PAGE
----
I love it when white people (and their color blind organizations!) create polls that don’t reflect or measure the existence of previous, well documented and observed attitudes and political actions about race after a period when an African-American has been in office, however benign and successful their service and goals.
One such key metric is the backlash. Going back to Reconstruction, through the electoral lose of Tom Bradley in his run for CA governor, or during the term of Harold Washington as Chicago’s mayor, a voter’s backlash has followed heavily on the heels of each victory (Tim Scott, Edward Brooke being exceptions). This backlash is both loud and silent; it has skewed polls before; it’s presence and effect is real–and it can carry over to the white candidate who is penalized as a contender for power because of previous success by people of color. The backlash crosses party lines; it is a continuum of attitudes and behavior about race that a segment of the country holds as a cherished, common core.
Traditionally, that backlash has been a 2 to 3 percent shift, but the polls ignore it. This year’s polls and conversations show it is likely to be present as President Obama leaves office. It is subtlety reflected in the Hillary/Bernie divide.
It may be big enough in states like Pennsylvania, Ohio, Michigan, Illinois, Wisconsin, Virginia, and North Carolina to have a powerful impact. If ignored–as the polls do–it could help engineer an November surprise!
Does Democratic Weakness Create Republican Opportunity? http://nyti.ms/27GRGbj
~~An excellent point and you could add the metro area of Detroit as an example of profound backlash vis-a-vis the eventual election of black mayors and city council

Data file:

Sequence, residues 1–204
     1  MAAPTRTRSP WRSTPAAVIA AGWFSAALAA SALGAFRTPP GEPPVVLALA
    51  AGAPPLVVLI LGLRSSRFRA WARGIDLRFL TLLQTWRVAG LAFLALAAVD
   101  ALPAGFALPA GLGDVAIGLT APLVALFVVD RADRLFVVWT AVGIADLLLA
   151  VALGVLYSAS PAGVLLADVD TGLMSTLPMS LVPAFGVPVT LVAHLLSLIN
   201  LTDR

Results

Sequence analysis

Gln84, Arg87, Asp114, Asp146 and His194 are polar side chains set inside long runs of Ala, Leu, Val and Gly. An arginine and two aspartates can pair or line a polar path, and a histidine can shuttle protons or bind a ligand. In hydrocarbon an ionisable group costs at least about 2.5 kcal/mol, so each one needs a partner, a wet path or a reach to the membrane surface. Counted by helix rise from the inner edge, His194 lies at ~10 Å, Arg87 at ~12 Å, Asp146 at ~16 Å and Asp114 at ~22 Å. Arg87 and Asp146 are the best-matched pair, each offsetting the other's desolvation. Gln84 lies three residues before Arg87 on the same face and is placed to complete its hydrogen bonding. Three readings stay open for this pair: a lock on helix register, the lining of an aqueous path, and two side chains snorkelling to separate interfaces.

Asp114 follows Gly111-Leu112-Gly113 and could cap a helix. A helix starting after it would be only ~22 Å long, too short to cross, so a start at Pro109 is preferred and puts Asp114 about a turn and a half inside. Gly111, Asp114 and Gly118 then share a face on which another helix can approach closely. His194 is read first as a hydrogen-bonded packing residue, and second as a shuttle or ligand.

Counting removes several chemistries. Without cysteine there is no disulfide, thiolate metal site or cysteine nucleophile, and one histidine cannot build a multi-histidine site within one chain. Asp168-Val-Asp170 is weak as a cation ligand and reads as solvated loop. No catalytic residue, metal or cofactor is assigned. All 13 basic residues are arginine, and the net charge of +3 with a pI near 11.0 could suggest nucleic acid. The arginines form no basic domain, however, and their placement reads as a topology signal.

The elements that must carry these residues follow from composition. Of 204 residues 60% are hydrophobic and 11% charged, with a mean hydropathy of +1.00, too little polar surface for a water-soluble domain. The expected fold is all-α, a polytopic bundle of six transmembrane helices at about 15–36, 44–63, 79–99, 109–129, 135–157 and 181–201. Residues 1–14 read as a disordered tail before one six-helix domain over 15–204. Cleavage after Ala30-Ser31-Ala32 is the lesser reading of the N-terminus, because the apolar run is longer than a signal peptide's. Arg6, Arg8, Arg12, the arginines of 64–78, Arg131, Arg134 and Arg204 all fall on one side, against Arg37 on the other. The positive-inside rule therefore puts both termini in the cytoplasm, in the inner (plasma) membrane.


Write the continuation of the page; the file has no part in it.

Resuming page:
~~or maybe it was more about municipal corruption in the ruling gov’t but that doesn’t fit the neat race narrative.
Thank you for reading and replying. First, what is “neat” is denial–yours–that ignores facts in every case. First fact ignored: the comment talks about polls; specifically, how polls do not capture the backlash constant–something political pollsters themselves refer to as the “Bradley effect.”
The second “neat” deception is a common one: unlike my comment–which offers examples of polling cases where race or backlash influenced the outcome and was missed by the polls (actually a complicated correlation and difficult to measure) and which also offered exceptions–you offered no evidence/example/reason/description/logic other than assumptions (imagined! as they are not cited) for your conclusion of “corruption.”
Third: if “corruption” is the factor, why did it not show up in the elections of Mark Sanford (fined by the SC ethics commission), any number of Louisiana, Illinois, New York and New Jersey elected officials or Providence, RI infamous mayor “Buddy” Cianci–to name only a few states where corruption is rampant or officials known to have violated standards?
Finally, it must be “neat” to tie a narrative to race without facts, and then throw in corruption as blame without evidence! How neat is that!